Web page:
Kit Cars Make a Case, But Used Is Better Option
I went to junior high school around the corner from a Lamborghini.
In 7th grade a friend pointed to a house with a closed garage door and said, “There’s a Lamborghini in that garage.” I didn’t believe him, because I never saw it. The garage door was always closed. Every day I’d look, hoping to catch a glimpse of a real Lamborghini. Then, one day…
A bright red, low-slung angular Lamborghini Countach sat in the driveway. I was in awe. It was the first Lamborghini I’d ever seen.
Or was it?
An 8th grader saw me staring down the Lambo and quickly brought me back to Earth. “You know that’s not a real Lamborghini, right? It’s a kit car. You can tell because its about 80 percent the size of a real one.”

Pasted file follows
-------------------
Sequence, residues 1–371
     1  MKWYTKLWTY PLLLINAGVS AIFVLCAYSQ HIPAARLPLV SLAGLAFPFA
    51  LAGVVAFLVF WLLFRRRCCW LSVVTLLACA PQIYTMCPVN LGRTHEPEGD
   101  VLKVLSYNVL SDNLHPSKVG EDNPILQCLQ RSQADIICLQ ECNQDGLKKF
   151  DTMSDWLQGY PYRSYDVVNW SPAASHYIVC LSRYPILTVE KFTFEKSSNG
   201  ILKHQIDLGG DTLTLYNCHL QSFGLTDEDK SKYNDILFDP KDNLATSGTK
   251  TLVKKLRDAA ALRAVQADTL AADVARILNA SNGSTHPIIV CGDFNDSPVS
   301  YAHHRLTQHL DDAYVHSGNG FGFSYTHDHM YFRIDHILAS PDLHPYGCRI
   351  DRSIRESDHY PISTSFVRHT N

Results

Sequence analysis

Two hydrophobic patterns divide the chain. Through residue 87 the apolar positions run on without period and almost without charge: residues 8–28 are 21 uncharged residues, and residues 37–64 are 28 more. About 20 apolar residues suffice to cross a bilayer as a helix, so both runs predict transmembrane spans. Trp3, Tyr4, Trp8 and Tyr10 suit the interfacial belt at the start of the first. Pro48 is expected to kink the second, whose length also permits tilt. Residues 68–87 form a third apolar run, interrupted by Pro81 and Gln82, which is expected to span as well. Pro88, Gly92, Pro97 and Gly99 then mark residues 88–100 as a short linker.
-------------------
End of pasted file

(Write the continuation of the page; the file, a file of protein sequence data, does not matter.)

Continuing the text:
Ever since that day the words “kit car” have struck loathing into my soul. An article at MSN yesterday, though, made some good points about owning a kit car.
Can’t afford a million dollar Ford GT40? How about a kit version that shares about two-thirds of its parts with the real car for a tenth of the price? With that you could very well fool your non-enthusiast neighbors into thinking you bought the real thing.
That junior high “Lambo” was probably just a Pontiac Fiero with a new body kit, which about $10,000 and some time behind a closed garage door can create. Kit cars can definitely turn heads and look much more expensive than they are, but can also easily cost up to $100,000 once the powertrain is purchased and installed. For that, I’d still rather take the money and search the CarGurus used listings for a Jaguar XK or Porsche 911.
What about you: Would you rather buy an exotic kit car or a used sports car?